Fushimi Inari Taisha

As you may have gathered from my previous post, my parents came to visit me in Japan last week. I spent 8 days playing tour guide, giving them as much of a taster, of Japan, as I could cram into our limited time together. We managed to cover Tokyo, Kyoto, Osaka, Kobe, Arima and my current home town of Takasago, in that time. Also, while we were together, my parents brought me my birthday/Christmas present of a new DSLR camera. I therefore have a heap of photos of these places and I wanted a way to share them with you. I’m therefore going to be doing a series of travel related blog posts, highlighting the places I’ve visited while living in Japan. Hopefully these posts give you some ideas for your own travels to Japan, and also keep you updated about my life living overseas. And now all that’s out of the way, onto today’s blog post.

Characterised by its vermillion tori gates Fushimi Inari Taisha can be found a short train trip from the heart of Kyoto. This Shinto shrine is dedicated to the god, Inari. Primarily he is the god of rice, but also does a roaring side trade in being the patron god of businesses. Therefore, to get in Inari’s good books and to get business booming, many companies have donated tori gates to the shrine. Thousands of these gates now line trails spanning about 4 kilometres, on the mountainside above the main shrine.

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Scattered through the mountain trails are also numerous smaller shrines, sometimes precariously perched on the mountain face. When I went to Fushimi Inari Taisha with my parents, I did not get a chance to explore all 4 kilometres of tori gates and shrines. However, what I did get to explore was amazingly beautiful and relaxing, despite the hordes of tourists about (of which we were adding to).
Upon arriving at Fushimi Inari Shrine, you’ll be greeted by a large tori gate, which leads up to the main shrine. If you’ve been in Japan a while, this main shrine might not be that exciting but the real magic lies a short walk away with the tori gates. As you walk through the magical tori gates, which look like portals to another world, you will see some repeating images. The first are on the tori gates themselves. Each is inscribed with a name, generally in Japanese but sometimes in English. These are the names of the companies that have donated the gates to the shrine. I guess they act like a name tag so Inari remember which companies to bless and which ones to give bad fortunes (just kidding…maybe). The second repeated image you’ll see are stone foxes with some strange object in their mouths. These mainly appear in combination with a smaller shrine but sometimes are standalone statues. These statues represent Inari’s messenger, Kitsune (literally meaning fox in Japanese). The object the fox is holding in its mouth is generally a key to the secret stash of Inari’s special god rice. If the tori gates are a nice letter asking for blessings of good fortune, putting a statue of Kitsune out is a huge blimp that says, “Give me blessings!” All in red shouty capital letters and a fair few exclamation marks. Probably, I actually don’t know how dedications to god’s work…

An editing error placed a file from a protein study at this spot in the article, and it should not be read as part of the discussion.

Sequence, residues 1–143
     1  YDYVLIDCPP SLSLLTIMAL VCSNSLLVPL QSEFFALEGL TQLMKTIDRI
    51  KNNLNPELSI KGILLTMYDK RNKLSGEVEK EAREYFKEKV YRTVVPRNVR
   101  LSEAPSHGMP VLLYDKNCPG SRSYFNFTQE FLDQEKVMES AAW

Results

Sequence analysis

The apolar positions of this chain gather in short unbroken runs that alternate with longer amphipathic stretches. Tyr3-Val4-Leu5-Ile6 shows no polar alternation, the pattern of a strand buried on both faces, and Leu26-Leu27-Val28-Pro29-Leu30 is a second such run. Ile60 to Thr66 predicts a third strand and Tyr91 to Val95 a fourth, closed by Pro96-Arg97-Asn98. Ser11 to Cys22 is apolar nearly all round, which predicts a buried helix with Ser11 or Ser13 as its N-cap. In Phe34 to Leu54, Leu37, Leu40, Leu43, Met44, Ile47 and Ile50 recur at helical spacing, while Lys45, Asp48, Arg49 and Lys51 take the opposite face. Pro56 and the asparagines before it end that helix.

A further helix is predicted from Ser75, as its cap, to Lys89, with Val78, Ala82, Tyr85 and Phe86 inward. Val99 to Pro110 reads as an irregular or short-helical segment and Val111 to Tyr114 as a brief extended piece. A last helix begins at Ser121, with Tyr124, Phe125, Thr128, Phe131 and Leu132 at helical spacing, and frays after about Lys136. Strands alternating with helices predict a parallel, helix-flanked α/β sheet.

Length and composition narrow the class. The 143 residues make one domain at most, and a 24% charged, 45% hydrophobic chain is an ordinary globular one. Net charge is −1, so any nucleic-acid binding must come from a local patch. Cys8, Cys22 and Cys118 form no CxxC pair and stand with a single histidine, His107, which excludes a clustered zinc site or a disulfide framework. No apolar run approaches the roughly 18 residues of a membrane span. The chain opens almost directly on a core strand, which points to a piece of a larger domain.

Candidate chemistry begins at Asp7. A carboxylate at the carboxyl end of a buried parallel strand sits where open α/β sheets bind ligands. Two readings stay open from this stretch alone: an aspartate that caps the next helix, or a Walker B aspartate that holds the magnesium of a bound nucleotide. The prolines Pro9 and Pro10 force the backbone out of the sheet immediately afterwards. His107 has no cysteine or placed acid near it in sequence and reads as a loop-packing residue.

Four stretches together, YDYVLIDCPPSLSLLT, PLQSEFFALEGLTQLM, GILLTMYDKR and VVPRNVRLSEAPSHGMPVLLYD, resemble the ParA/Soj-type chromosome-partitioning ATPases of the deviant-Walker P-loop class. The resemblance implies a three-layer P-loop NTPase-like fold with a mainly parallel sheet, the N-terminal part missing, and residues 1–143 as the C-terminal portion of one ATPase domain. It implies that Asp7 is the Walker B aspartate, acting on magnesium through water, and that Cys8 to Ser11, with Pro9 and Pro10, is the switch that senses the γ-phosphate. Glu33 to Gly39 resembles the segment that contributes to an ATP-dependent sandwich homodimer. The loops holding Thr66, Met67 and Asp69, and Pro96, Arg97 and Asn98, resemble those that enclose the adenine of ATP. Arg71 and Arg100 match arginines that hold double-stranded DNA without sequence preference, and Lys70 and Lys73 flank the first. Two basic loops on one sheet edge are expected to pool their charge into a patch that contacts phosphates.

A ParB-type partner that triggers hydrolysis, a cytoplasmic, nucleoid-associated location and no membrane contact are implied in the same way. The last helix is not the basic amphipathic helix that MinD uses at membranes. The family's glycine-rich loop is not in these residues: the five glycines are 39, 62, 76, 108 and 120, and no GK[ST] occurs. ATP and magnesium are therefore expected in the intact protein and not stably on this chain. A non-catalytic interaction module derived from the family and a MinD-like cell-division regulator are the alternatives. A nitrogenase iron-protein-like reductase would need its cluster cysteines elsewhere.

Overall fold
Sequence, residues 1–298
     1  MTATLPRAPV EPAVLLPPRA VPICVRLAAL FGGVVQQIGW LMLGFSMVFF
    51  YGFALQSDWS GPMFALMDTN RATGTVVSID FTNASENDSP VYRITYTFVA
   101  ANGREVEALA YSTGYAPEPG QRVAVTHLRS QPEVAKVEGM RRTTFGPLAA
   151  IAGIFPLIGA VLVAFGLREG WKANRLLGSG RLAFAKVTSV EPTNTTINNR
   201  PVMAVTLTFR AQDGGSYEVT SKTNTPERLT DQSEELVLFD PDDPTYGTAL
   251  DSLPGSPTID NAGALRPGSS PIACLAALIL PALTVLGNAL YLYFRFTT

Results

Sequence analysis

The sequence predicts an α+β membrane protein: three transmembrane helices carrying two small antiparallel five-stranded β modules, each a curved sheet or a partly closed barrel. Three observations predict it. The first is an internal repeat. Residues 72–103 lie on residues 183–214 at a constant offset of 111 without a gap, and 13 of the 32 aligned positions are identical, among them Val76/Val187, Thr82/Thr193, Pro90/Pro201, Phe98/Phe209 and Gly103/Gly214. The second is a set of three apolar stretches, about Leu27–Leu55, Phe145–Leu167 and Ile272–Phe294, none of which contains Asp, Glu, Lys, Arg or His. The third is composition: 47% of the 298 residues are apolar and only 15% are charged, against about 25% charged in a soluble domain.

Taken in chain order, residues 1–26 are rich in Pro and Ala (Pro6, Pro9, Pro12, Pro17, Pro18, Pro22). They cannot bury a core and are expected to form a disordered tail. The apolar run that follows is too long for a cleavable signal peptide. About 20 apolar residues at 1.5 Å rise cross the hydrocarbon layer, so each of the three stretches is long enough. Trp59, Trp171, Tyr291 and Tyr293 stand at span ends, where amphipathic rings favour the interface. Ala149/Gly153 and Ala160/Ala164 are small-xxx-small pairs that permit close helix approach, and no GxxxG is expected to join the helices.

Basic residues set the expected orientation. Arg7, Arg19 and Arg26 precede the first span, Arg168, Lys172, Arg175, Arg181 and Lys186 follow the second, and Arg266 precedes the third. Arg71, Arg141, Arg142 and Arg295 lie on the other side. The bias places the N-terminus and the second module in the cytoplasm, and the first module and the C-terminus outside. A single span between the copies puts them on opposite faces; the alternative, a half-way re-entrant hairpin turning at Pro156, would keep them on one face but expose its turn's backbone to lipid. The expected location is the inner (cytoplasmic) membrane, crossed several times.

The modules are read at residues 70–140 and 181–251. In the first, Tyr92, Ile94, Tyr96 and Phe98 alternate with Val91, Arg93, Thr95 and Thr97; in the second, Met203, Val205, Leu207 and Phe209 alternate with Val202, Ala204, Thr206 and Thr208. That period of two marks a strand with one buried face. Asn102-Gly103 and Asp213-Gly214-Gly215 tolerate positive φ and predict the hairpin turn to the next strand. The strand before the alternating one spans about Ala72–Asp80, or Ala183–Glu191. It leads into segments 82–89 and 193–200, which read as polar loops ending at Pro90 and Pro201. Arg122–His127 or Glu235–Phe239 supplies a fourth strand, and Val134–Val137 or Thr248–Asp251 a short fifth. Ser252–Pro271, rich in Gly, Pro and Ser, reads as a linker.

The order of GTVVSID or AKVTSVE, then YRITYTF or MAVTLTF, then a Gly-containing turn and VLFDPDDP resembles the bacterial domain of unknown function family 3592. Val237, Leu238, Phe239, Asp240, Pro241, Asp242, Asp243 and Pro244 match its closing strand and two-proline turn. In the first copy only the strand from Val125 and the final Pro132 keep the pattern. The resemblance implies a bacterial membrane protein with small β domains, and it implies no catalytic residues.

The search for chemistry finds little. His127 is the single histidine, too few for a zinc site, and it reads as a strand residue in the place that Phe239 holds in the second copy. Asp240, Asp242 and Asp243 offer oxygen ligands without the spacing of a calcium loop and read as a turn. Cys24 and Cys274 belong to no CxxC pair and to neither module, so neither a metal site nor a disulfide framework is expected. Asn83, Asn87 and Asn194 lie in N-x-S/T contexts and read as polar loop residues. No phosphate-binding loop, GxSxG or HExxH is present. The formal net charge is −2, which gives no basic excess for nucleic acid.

My hour of so spent at Fushimi Inari Taisha was excellent and I could have stayed for longer. Next time I visit I will definitely take the time to walk the entire trail. If you only have a short time in Kyoto and had to choose one shrine or temple to go visit, Fushimi Inari Taisha would be my current recommendation. It’s one of those places you can just get lost in for a few hours and feel relaxed, plus be surrounded by magical scenery.
If you want to check out Fushimi Inari Taisha for yourself, here are some details on how to get there.
Address:68 Fukakusa Yabunouchicho, Fushimi Ward, Kyoto, Kyoto Prefecture, 612-0882Getting there:

From Kyoto Station take the JR Nara Line train towards Joyo. Ride 2 stops and exit the train at the second stop, Inari Station (about a 5-minute trip). Head towards the big red tori gate you can see from Inari Station, about a 400m walk away. From there everything is signposted in English so you can find your way to the tori gates easily. Plus there will be tourists, people in kimonos and basically every man and his dog to follow, so you shouldn’t get lost!


A train ticket? (Although if you have a JR pass not even that).
Entry to the shrine is free, but if you want to make an offering to Inari at the main shrine, you should have a few coins to throw. How to make an offering at a Shinto Shrine might be something I cover at a later date.
Also, be sure to bring some money, because Fushimi Inari Taisha is a great place to pick up some souvenirs. It also a great place to taste some commonly offered Japanese festival foods, especially if you’re not travelling during festival season.
I hope you get a chance to see Fushimi Inari Taisha. If you go, tag me in the pictures you take! I’d love to share in your experiences.
You can find me on: 
Instagram – @thefancifulfungirl
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And a soon to be released youtube channel
Youtube – *link*
Until next time!


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